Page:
Before I embarked on Eley Williams, of whom I had read nothing and knew nothing, I flipped through Attrib., her first book of stories. Even on first flip, I got a sense of something I sometimes find in things I like and that seem good to me, something that subliminally distinguishes writing that is careful and alive: a kind of alphabetical justice, to give this sheepish and probably disreputable thing a name in public. The letters in her words seemed to be drawn from adjacent parts of the alphabet. They had thought about themselves and one another. There was something collusive about them. They backed up one another’s story. They had demanded to be consulted, and come to their own unconventional arrangements. It all makes for alphabetophile writing. In the reader, it produces a kind of constructive estrangement from words. Think William Gass, Lydia Davis or Anne Carson, and you won’t be too wrong.
Now I feel like someone who thinks there’s a shower on the way, and then it rains for ten days straight. Williams is just full of alphabets. The first story is even called ‘The Alphabet’, and near its end offers descriptions of all 26 letters: ‘P is cuckoo-spit on the length of a chive, cooling in the dew-dawn … Pentecostal or horrified upthrust arms in Y as we finally discover the serpent Z: a cruel child has broken the spine of an S.’ Williams is spooked by things not said or nearly said or also said or almost mis-said. ‘Aphaeresis’ and ‘apocope’, the terms for the loss of a sound at the beginning and the end of words, put in appearances. Words are like landmines, or is it mobiles? Her title story, ‘Attrib.’, effectively doubles as ‘@rib’: it wasn’t a surprise to find an actual rib in it (left over from the preceding day’s Chinese takeaway); the speaker is a sound designer, adding sound effects to museum headphone commentary on Michelangelo’s Creation of Adam and Creation of Eve. There are words like ‘baffle’ (as noun and as verb), ‘foley’ (or folie?), ‘aphasia’ (or aphrodisiac?), ‘discreet’ or ‘discrete’, ‘syrinx’ and ‘larynx’, the ‘boggling’ and ‘bruxing’ of pet rats, ‘pâté’ and ‘pate’. A speaker in another story, who has seen one fly off, wonders about the sizing of wigs: ‘I feel the sides of my own head, cupping my skull’s brow and crown and arch and I am not sure whether mine would be a Small, Medium, Large, extra large. Or would it be measured as an A, a B, C, D, Double D, a Gamma Minus?’ Of the 17 stories, 12 have one-word titles, often with anxious spills of subtitles or alternates. One is called ‘Bs’, and one ‘And Back Again’. One is ‘Spines’, the next is ‘Spins’. One is ‘Rosette’, one is ‘Scutiform’. One is ‘The Alphabet’, one is ‘Alight at the Next’. One is ‘Smote’, and one is ‘Bulk’. The word ‘Timbuktu’ is praised for having ‘just the right mix of spiked and undulating letters to imply travel’. The hinges on the cat-flap say ‘Pyongyang’. A hedgehog is ‘a small apostrophe in the water’. Williams’s two epigraphs, both taken from Johnson’s Dictionary, are definitions of the word ‘attribute’ and the word ‘trolmydames’; the one comes with two, the other has none. ‘Of this word I know not the meaning,’ the harmless drudge renamed here as ‘Big Sam’ says. ‘Trolmydames’. It appears in a prose scene in The Winter’s Tale; ‘trou-madame’ has been conjectured, a game of boules or Ur-golf, with nine holes. A troll; a tribute.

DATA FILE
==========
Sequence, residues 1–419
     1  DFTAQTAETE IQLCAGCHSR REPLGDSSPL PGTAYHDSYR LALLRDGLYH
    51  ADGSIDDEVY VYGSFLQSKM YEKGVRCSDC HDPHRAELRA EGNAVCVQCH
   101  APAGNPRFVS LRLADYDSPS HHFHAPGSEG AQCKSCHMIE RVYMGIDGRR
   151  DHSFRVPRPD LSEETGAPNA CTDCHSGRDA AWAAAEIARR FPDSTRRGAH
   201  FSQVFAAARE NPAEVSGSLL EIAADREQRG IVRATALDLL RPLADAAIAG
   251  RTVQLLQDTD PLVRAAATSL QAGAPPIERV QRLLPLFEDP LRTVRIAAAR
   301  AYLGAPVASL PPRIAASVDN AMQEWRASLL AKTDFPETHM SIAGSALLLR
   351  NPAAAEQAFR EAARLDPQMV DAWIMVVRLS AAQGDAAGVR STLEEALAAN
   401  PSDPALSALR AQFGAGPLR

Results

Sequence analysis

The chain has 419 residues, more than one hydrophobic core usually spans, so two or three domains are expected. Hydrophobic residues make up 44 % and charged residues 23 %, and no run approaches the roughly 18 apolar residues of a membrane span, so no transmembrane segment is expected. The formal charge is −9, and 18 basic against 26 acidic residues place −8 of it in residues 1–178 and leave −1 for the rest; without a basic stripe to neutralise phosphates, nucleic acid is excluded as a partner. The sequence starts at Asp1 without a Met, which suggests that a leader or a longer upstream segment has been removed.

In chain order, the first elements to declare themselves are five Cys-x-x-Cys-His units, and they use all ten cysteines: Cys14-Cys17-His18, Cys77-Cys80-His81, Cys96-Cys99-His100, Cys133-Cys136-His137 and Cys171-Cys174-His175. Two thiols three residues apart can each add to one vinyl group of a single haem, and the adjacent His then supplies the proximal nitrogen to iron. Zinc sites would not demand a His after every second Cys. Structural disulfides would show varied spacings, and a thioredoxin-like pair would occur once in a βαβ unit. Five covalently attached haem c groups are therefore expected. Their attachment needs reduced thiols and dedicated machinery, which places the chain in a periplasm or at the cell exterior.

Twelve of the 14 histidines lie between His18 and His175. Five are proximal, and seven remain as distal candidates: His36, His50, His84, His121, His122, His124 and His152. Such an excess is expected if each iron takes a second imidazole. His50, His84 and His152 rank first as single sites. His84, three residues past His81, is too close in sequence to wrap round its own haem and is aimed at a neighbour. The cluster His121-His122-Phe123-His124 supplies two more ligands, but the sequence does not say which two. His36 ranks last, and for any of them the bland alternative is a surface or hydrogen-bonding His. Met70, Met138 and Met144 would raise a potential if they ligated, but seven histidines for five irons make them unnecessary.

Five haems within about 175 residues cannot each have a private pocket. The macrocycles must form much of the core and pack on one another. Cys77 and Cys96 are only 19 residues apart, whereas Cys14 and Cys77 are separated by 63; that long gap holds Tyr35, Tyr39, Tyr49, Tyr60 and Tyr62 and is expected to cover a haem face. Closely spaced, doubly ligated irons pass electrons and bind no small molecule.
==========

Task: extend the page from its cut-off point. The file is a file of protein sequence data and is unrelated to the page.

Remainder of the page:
This kind of writing, where the mind is almost its own subject, where the place of narrative or character is mostly taken by the self-conscious or self-delighting mind, and where you yourself are put in mind of the quivery automatic graph-paper machines that register earthquakes or the humidity in museums (seismometers or hygrometers), is demanding to produce. You need to be clever and careful, and also to have copious arcane knowledge. The mind plays itself, is a performer, a mime, is Marcel Marceau, is so to speak professionally interesting, and has to be well-stocked therefore with nuggety obscurities. Here Williams can sometimes be a little predictable, a little foreknown, a little unenterprising. In this game, you don’t want to be told things you know; it’s one thing being told sauna or screaming or stripping words in Finnish or Rapa Nui or Bantu, another being given the origin (‘dent de lion’) of ‘dandelion’ and its French equivalent (‘pissenlit’). To mix a metaphor, the mind, to be the pièce de résistance, has to be off the beaten track.